I was in the knee-deep clear water by 8AM. I watched schools of baby brown trout circle my flies and consider them. I didn’t care if I caught a fish or not, fly fishing is a reason to stand in the middle of a grand summer river and not look insane. I saw trout rise around me, little orcas with their vertical tails slapping as they returned to the cold water.  I cast to them. A bite here, a bite there. I didn’t catch a fish in the river but I spent a lot of time scrambling barefoot over rocks and watching crayfish scuttle around my feet. I felt a swelling of goodness and luck.

I took stock in the day so far: I woke up safe alongside kind dogs. I had coffee that energized and comforted me. I chomped into a protein bar and saved the last third of it to bury in the sand by the water’s edge as an offering to the land and water wights. If I was going to walk into a place I wasn’t caretaker of and expect to take something from it, it was only polite to leave an offering - for safe passage if nothing else. I drew the rune Algiz into the sand and asked that my ancestors keep an eye on me today. I planned on doing some dangerous things later in the day. Things that included fast horses, sharp talons, and editor deadlines.

I spent two hours on the river. I didn’t bring a camera. I cast and saw my strong arms, brown and scarred, and felt lucky they were mine. My rolling cast needs work but was good enough to get a nice small dry fly dancing in a tight space. I know a lot of people enjoy bait fishing but to me it is like waiting for a varmint to step into a trap. I prefer hunting, always, to trapping. I cast to a rising trout. I laughed as big fish swam right past my flies and reeled in to try again. I had a little black box of flies with me, mailed to the farm from a friend on Twitter. I wasn’t about to avoid such a fine gift. I lost track of time.

I drove home without a trout, but happy. I felt revived. On a lark I decided to pull over on my own mountain road and cast into the stream that cascades down the mountain from my farm. I did and caught a brown trout first cast! With my truck growling her pretty growl I held the jewel of a fish. I love the redish spots on a brown trout. I removed the hook and returned her to the mountain after my bit of reverie.

I came home at 9AM to the work of the farm. I grabbed a five-gallon bucket and a shepherd’s crook and headed up the hillside to the apple trees. Friday and Gibson raced around me. I used the crook’s hook to grab tall branches in the trees and shake down apples. They hit the ground and the thump perked the horses ears and they walked over to eat what they could as I filled the bucket. I watched the dogs roll in the dust and pant, laying beside a thousand pound animal with sharp canines 5 times the size of their own without worry. I had raised these dogs to be farmers. Herbivores don’t worry them, regardless of wolf teeth.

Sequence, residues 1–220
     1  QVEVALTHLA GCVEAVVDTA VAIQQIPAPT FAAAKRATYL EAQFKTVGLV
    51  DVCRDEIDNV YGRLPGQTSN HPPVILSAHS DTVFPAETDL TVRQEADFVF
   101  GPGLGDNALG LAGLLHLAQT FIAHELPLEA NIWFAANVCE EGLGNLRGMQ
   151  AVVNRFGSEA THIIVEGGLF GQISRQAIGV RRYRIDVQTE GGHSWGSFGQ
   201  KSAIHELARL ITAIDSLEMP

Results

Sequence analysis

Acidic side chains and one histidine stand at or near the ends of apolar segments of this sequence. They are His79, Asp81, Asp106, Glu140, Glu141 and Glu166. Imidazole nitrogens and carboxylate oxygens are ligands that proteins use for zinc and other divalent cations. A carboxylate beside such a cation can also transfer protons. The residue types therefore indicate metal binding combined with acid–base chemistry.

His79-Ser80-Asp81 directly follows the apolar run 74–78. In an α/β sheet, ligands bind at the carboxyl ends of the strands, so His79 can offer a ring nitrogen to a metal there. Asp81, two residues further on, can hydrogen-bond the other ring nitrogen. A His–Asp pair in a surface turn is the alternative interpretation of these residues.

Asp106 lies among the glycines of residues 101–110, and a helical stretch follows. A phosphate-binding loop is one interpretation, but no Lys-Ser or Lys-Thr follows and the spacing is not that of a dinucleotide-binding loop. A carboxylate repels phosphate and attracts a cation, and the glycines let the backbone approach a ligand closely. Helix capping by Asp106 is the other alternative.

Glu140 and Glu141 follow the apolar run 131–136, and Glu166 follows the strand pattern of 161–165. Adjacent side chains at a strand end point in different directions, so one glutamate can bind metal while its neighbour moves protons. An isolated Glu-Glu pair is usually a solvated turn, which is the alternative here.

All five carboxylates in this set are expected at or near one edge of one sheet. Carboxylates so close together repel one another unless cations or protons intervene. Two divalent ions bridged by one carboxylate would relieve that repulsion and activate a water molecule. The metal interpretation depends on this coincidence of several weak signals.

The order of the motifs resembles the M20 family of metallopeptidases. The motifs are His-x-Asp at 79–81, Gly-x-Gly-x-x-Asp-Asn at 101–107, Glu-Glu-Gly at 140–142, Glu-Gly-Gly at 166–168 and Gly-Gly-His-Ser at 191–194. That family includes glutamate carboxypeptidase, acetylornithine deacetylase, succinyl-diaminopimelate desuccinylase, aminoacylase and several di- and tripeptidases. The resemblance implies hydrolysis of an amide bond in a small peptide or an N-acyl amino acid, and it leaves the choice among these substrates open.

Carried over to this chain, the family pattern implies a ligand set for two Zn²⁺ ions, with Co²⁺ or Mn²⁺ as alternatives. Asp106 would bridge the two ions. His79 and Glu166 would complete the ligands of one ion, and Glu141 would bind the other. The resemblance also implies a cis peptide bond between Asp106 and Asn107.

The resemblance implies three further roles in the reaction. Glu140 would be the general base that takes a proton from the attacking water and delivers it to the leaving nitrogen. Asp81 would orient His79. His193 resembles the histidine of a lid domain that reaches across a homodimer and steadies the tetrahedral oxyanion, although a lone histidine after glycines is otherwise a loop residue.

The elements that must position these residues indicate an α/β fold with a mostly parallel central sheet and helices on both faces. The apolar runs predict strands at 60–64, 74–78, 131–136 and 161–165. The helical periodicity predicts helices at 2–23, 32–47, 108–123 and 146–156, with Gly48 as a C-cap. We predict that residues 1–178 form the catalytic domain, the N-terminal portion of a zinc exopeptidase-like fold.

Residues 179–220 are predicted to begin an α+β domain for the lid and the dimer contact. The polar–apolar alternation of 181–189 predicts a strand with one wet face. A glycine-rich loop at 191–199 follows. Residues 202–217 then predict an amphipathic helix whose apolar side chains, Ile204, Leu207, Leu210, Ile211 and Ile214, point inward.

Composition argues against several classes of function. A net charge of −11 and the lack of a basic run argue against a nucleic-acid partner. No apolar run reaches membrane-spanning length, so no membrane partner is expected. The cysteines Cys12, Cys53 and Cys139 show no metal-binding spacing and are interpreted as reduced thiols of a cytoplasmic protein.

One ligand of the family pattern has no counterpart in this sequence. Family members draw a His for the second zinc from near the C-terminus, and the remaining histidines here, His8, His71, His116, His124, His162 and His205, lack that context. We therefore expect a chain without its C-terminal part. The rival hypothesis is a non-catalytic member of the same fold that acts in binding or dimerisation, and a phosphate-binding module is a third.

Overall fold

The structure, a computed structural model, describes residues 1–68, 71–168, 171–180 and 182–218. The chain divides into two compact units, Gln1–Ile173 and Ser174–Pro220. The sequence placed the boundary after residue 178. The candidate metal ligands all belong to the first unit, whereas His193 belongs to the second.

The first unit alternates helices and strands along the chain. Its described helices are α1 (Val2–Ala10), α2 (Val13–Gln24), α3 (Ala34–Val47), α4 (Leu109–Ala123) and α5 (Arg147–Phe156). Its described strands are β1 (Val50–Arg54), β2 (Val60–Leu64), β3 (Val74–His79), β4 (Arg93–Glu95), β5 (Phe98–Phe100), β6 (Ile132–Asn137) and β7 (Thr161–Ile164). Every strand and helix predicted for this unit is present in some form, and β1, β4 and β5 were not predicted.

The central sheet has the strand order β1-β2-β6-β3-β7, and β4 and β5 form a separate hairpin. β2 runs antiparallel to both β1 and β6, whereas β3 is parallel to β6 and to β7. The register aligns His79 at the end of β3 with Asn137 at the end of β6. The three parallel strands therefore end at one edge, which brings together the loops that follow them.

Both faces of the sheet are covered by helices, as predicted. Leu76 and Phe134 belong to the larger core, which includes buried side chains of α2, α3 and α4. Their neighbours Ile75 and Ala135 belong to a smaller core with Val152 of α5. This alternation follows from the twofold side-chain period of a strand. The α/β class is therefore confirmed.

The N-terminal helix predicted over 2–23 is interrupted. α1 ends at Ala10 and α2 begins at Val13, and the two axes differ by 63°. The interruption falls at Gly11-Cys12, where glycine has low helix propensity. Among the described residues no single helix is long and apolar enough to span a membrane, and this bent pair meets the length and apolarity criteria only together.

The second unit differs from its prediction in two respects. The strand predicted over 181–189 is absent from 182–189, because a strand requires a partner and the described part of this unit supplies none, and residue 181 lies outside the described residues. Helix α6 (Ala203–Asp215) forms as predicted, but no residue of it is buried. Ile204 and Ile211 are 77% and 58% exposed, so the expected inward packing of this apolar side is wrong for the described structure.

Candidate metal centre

I brought the bucket to the pigs. I have eleven pigs now to feed, Holy Crow. I am trying to sell the nine piglets but so far no buyers. The dog days of summer are not when people are thinking about piglets. I dump 30+ pounds of apples in green and red into their wood lot paddock and they chomp greedily at them. I see their mouths drip with cider and watch the little runt steal the biggest apple and run into a bush to eat without competition. While they are busy I check the electric netting and attach a fence tester to it. All levels seem fine. I refill their water and let their breakfast be fruit. They’ll get corn, grain, and kitchen scraps when the sun is father away.

I milk the goats next. I am trying to make cheese every day and freeze it. In a few weeks their milking will start to taper off and then stop all together. I’ll dry them off for breeding season in November. I will need a supply of frozen milk and cheese for winter so I am stocking up. It's work I know by heart and I like it.

I bring the milk inside the house to strain into a 2-liter milk canister. It is steel and shiny. I filter the milk and then add culture to it so over the net 12 hours it will turn into curds and whey. The curds will be salted and herbed. The whey will be poured over corn, apples, and kale stalks for the pigs.

With the morning chores now all done I realize I still feel the pull of summer. Fueled by 2/3rds a protein bar and coffee, I get Merlin from the pasture and tack him up. Last night I rode Mabel at a full gallop up the mountain. It was exciting as hell, since she’s so large and a new horse. It was the first time I rode her above a trot and it was like going up a roller coaster, but instead of the thrill being the fast descent it was the thundering, panting, ascent on the back of a half-ton on sentient power. I whooped. I couldn’t help it.